I met Beny Moré in Buena Vista before I came to the States. My first cousin Lázaro Valdés became his pianist. When I went to Cuba for a week in 1960 I met Chucho Valdés and Lázaro reintroduced me to Beny. Soon after that meeting Beny passed away. Chucho was a kid and he played excellent piano, even back then.

You and your father relocated to New York in the mid-'50s?

That was in 1956. In the '50s my father had a charanga group here in New York.

You initially played with your dad's band?

Yes. Of course I was young and inexperienced. My father knew I had the background: I was Cuban. I had lived there until I was 15. My ear was trained to listening to good Cuban music. So there was no reason why I wouldn't be able to compete decently and fairly in the ambiance of the New York music scene, which was dominated by Cuban music. There was no Dominican, and very little Puerto Rican. They didn't play bombas or plenas. There were more Puerto Ricans than Cubans in New York, and there were more Cubans that Dominicans. We did dance merengue quite a bit, but the scene was dominated by the Cuban scene. This had been so since the '40s; maybe before. Everyone danced mambo and cha cha in the late '50s here in New York: at the Palladium, the Manhattan Center, Rivera Terrace. These were the places where we jammed. This is where you would find Arsenio Rodríguez, Pete Terrace, Puente, Machito, Tito Rodríguez and the other big bands, and not so big bands: groups. At that time the groups were getting smaller. The combos were starting to make their appearance in the late '50s.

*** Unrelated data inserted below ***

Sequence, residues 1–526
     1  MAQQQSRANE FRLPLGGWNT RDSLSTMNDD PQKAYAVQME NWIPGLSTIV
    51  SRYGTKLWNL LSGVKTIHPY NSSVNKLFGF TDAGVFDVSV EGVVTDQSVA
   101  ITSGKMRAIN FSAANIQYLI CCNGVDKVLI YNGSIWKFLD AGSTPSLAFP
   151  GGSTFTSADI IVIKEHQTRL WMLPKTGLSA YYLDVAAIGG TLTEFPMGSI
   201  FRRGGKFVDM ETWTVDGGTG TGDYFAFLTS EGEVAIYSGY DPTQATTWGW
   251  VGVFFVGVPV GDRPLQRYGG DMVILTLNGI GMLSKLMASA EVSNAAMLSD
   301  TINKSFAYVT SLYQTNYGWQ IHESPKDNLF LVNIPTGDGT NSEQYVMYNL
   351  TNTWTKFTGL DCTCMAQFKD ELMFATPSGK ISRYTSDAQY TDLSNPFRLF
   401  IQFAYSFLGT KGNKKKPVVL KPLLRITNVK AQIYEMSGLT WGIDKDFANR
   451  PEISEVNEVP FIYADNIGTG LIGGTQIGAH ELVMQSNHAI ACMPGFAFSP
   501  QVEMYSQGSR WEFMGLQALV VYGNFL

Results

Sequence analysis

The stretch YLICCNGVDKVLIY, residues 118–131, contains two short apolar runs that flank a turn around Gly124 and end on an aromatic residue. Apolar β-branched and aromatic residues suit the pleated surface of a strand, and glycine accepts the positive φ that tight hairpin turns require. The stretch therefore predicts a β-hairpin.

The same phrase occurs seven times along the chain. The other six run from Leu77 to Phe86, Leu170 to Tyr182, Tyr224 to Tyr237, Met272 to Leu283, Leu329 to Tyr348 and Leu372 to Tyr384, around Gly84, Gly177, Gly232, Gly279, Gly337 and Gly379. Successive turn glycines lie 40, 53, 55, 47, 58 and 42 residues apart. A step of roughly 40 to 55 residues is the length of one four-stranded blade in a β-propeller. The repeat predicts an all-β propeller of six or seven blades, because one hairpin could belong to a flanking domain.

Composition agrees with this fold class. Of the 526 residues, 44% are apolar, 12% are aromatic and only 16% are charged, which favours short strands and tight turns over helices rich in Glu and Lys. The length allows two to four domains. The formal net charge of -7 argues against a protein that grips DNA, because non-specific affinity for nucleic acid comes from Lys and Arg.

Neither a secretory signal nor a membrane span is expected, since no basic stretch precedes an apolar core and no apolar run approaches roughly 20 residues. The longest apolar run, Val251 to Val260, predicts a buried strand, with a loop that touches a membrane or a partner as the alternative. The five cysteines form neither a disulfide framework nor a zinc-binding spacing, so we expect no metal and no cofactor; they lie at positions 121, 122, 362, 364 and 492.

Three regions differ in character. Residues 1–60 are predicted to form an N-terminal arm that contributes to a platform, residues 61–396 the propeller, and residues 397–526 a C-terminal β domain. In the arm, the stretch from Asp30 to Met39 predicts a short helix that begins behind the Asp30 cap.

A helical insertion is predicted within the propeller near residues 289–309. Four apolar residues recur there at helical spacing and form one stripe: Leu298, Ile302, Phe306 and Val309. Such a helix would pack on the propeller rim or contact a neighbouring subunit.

My father tried by every means possible to help me acquire the experience I needed to be able to play, if not compete, with the local groups. Especially with his group. I certainly had the classical background. I had enough education in the Spanish classics, if not the Cuban classics. I played stuff by Lecuona and Cervantes, the stuff we kids grew up playing, studying and listening to in Cuba. I successfully played most of the stuff Lecuona wrote: "Malagueña," "Andalucía," "La Comparsa." I'm talking about the original works. I was good enough. I was actually doing the fifth year of Hilario Orbón, which was the epitome of Cuban piano methods.